After eating of those unaccustomed dishes at the Health Exhibition, and discovering how good they were, is it not a wonder that people do not look around them for the many new gastronomic treasures lying neglected at their feet? Prejudice, prejudice, thy strength is enormous! People will dilate upon the delicate flavour of one fungus, under the name of mushroom, while they stamp upon, or cast from them, the disappointing young puff-ball and a dozen other common kinds of fungi, all equally nice and wholesome, if people would only recognize it, as the one they gloat over. People will, in like manner, enjoy oysters and cockles, while they abominate snails; they will make themselves ill with indigestible and foul-feeding lobsters while they look with horror upon pretty clean-feeding caterpillars. All this would not be so absurd if it were only the rich that were concerned, for they can afford to be dainty. But while we, in these days of agricultural depression, do all we can to alleviate the sufferings of our starving labourers, ought we not to exert our influence towards pointing out to them a neglected food supply?
From almost every part of the inhabited globe instances and examples can be brought of the eating of insects, both in ancient and modern times, by people of every colour and nation. If I bring forward examples from ancient times, or from among those nations, in modern times, which are called uncivilized, I foresee that I shall be met with the argument, "Why should we imitate these uncivilized races?" But upon examination it will be found that, though uncivilized, most of these peoples are more particular as to the fitness of their food than we are, and look on us with far greater horror for using, as food, the unclean pig or the raw oyster, than we do upon them for relishing a properly cooked dish of clean-feeding locusts or palm-grubs. If we are to imitate in nothing these savage races, how is it that from their example we cultivate the priceless Peruvian bark or quinine; that we, rich and poor alike, feed daily on the imported potato; that we delight in curry; and that our men, each at first struggling against his natural aversion and sickness, accustom themselves by force of will to the soothing influence of the noxious weed, tobacco?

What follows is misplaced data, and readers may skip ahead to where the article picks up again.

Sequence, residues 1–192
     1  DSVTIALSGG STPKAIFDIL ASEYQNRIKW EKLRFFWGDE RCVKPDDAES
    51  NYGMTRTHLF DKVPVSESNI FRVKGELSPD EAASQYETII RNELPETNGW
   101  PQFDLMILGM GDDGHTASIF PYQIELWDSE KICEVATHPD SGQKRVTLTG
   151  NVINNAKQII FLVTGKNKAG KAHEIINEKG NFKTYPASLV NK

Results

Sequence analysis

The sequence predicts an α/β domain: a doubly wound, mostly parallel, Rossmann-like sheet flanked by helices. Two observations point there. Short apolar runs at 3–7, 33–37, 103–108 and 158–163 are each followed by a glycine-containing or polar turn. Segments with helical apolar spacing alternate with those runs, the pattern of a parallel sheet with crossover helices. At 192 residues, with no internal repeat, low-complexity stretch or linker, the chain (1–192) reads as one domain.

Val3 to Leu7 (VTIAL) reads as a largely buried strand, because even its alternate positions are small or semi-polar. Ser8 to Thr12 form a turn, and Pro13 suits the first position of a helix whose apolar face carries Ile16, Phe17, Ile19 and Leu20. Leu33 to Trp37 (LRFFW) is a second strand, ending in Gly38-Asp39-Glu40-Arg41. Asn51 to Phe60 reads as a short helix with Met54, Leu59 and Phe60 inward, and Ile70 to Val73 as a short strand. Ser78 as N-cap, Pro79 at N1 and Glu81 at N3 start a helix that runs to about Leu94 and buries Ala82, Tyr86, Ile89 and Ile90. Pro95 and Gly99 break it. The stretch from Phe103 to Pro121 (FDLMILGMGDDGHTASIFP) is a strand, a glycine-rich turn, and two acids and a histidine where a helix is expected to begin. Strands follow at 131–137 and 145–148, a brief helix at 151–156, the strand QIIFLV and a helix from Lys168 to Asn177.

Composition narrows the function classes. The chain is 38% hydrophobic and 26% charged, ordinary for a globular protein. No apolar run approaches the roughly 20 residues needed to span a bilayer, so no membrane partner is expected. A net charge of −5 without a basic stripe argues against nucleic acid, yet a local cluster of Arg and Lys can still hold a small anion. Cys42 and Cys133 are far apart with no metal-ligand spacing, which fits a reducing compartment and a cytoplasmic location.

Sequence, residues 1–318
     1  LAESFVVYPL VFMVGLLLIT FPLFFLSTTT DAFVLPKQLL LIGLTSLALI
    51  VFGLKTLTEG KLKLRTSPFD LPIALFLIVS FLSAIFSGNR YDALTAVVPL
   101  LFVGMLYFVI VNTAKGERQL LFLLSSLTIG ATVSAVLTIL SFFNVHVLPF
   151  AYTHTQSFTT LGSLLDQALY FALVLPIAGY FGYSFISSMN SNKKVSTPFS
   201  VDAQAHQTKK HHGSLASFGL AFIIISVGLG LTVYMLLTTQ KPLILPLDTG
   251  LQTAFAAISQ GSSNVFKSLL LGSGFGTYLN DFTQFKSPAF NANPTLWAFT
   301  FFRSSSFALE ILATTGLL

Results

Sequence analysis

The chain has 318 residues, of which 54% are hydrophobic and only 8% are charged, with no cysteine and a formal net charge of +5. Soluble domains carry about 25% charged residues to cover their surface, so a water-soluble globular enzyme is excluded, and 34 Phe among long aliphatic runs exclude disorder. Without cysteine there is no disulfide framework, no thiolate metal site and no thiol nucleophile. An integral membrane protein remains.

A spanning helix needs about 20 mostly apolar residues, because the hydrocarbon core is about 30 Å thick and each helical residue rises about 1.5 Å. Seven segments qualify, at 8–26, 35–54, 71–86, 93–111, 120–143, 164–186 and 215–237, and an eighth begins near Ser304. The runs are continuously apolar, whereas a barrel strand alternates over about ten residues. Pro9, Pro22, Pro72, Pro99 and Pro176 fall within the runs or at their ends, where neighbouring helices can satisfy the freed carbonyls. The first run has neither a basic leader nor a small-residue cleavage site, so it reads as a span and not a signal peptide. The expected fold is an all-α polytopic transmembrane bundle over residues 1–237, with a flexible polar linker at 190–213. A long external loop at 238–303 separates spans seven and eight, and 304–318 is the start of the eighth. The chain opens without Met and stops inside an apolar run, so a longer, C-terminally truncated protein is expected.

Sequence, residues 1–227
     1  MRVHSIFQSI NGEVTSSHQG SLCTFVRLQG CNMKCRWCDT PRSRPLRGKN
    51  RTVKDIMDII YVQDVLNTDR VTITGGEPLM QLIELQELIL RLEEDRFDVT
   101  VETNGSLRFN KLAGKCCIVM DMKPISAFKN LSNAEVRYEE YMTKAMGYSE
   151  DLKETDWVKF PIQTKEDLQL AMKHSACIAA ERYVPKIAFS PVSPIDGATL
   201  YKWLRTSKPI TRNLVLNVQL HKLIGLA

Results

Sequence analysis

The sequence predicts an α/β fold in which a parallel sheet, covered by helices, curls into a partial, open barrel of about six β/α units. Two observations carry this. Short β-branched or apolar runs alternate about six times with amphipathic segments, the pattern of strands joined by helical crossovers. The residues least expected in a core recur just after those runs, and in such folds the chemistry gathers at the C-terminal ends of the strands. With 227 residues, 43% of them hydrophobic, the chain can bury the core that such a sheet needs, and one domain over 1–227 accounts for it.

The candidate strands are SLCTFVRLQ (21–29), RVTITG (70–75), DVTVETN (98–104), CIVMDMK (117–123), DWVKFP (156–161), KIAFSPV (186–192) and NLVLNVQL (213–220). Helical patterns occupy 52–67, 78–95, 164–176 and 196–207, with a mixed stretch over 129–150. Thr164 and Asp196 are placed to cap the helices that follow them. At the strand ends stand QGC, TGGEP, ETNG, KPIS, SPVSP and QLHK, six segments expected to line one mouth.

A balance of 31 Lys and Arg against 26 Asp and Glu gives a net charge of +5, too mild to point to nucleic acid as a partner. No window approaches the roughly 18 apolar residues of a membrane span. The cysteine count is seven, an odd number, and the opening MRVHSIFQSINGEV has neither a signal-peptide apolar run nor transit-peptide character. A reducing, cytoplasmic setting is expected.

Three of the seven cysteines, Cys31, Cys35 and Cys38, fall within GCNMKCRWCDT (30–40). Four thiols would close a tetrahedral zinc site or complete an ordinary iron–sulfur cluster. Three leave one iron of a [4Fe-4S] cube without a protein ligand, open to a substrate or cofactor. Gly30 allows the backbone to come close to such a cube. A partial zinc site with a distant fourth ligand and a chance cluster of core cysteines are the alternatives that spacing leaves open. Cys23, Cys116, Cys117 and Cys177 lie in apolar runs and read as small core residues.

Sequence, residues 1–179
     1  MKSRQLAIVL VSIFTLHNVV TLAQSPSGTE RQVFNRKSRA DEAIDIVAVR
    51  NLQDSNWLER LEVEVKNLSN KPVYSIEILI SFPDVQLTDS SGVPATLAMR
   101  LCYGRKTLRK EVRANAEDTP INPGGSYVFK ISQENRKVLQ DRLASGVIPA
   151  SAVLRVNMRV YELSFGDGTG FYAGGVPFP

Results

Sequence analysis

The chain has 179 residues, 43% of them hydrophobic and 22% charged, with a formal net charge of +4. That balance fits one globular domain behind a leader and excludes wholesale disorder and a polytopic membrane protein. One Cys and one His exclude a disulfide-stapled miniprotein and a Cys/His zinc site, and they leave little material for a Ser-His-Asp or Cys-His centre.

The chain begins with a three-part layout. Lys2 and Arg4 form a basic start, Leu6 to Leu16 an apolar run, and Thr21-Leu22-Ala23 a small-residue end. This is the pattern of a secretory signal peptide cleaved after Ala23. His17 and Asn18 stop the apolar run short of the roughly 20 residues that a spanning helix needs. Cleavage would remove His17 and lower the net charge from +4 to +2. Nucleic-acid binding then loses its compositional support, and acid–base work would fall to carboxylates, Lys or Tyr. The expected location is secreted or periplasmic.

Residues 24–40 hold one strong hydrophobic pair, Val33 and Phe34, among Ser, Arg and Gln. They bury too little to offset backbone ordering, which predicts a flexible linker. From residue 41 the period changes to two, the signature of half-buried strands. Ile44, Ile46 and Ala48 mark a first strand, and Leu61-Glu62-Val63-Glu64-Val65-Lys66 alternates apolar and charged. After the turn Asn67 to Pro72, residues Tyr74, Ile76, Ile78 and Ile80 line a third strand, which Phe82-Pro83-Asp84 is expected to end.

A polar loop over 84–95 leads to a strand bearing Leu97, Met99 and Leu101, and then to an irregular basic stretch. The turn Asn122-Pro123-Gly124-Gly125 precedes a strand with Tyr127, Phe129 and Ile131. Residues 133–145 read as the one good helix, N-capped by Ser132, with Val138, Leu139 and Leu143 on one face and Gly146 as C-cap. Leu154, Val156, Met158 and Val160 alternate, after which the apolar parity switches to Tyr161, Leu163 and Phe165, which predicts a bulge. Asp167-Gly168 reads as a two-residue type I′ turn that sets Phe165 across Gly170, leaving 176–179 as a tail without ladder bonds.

Beginning with the earliest rimes, one can produce examples of insect-eating at every period down to our own age. Speaking to the people of Israel, at Lev. xi. 22, Moses directly encourages them to eat clean-feeding insects: "These ye may eat, the locust after his kind, and the bald locust after his kind, and the beetle after his kind, and the grasshopper after his kind." Again, John the Baptist is recorded to have lived in the desert upon locusts and wild honey. Some critics, however, apparently considering locusts unnatural food, and ignorant of how they are relished in the East, have gone out of their way to produce long arguments to prove that the word which has been translated "locusts" ought to have been rendered as the name of a species of cassia-pod. This is not so. Almost every traveller of note has given us an account of how the Eastern nations enjoy these insects. Pliny records the fact that in his day they were much eaten by the Parthians. Herodotus describes the mode adopted by the Nasamones of powdering locusts for the purpose of baking them into cakes.